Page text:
Fantasia 2021: The Righteous
Wrestling with the age-old question of “Does God exist?” in the wake of a tragedy, The Righteous delivers on almost every front – with writer-director-actor Mark O’Brien and Henry Czerny (re-uniting from Ready or Not) creating a volatile and engaging relationship at its center. As the two converse within the confines of a single home, faith, grief, and justice tear apart Czerny’s tormented ex-priest in a gorgeously shot and assured feature directorial debut from O’Brien.
Eerie and unsettling are the best ways to describe The Righteous – a film that takes its time getting under your skin until Frederic Mason (Czerny), an ex-priest who has recently lost his daughter, finally finds out the purpose of the trial put before him when a mysterious stranger, Aaron (O’Brien), suddenly appears on his doorstep wounded. Already critical of Aaron’s motivations, but expecting further work from God for an unspeakable sin in his past, Frederic takes it upon himself to help Aaron back to health and get him back on his way.
Right from their first encounter, it is evident that something else has brought Aaron to Frederic’s doorstep. Every conversation between the two feels like a trap set for the priest. They are guided interactions with Aaron clearly in the driver’s seat, but they ebb-and-flow like two people trying to outmaneuver the other. By far the greatest scenes in the movie that often feel like walking on tacks, they exemplify the rapturous performances from both Czerny and O’Brien who are confrontational yet cautious in their approaches to one another.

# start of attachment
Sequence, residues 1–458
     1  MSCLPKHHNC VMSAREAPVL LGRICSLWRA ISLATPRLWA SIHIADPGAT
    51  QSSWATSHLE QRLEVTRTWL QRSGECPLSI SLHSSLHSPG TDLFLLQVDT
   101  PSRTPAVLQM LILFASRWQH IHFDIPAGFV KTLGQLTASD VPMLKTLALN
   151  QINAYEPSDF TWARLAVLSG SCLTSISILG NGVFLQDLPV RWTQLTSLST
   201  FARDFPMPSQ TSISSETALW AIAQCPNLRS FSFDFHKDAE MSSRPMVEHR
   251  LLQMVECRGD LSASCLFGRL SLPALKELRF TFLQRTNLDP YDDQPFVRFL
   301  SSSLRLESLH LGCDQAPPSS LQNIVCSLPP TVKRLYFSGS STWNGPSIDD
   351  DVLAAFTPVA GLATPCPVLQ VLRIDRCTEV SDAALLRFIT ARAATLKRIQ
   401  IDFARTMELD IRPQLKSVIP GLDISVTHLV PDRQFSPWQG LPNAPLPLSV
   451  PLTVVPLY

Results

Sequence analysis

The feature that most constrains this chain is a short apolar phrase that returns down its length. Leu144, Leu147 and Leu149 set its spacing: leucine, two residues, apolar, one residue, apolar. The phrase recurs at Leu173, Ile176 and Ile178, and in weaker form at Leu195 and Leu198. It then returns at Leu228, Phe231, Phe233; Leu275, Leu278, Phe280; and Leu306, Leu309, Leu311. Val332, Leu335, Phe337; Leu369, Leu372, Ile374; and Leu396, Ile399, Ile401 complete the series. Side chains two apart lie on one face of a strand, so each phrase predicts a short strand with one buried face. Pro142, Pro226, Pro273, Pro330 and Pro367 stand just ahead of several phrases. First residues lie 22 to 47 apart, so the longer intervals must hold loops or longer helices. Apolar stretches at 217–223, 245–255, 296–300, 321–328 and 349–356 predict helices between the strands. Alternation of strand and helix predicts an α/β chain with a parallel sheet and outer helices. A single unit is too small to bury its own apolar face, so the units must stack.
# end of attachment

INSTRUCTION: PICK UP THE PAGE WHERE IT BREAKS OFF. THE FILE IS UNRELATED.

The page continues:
Alongside the two is Frederic’s wife, Ethel (Mimi Kuzyk), whose mourning transforms into an opportunity to care for someone else when Aaron arrives at their home. From raising their daughter to bringing Aaron back to health, she becomes more concerned with Aaron’s well-being than her husband’s doubts of Aaron’s intentions. Shot in Newfoundland, Canada, the Mason’s home is far from civilization, surrounded by the forest, and serves as one of the only locations of the film. By keeping such a minimal, rural setting, claustrophobia sets in and the film heightens Frederic’s sense of isolation from everyone around him, slowly chipping away at his psyche.
The production design and black-and-white cinematography both work together in crafting a tense, foreboding feeling in every shot. There are so many images in the film that still linger after they’ve happened, mainly because they’re cloaked in shadow and darkness. Even the conversations that don’t necessarily require a lot more than the incredible performances from the actors are accentuated by their framing. It’s a constantly mesmerizing film that only gets more entrancing as time goes on.
The Righteous wastes little time placing the audience in the headspace of Frederic, even with a secret being harbored from the characters and the audience. There’s the past that Frederic dares not speak of and then there’s Aaron’s mysterious purposes. Shrouded in mystery and a glint of the supernatural, O’Brien manages to leave behind both a visually striking film and an acting showcase for everyone involved. The Righteous is haunting in so many ways, but by the end it’s strength is in the assuredness of its direction and a screenplay that gives the actors plenty of indelible moments.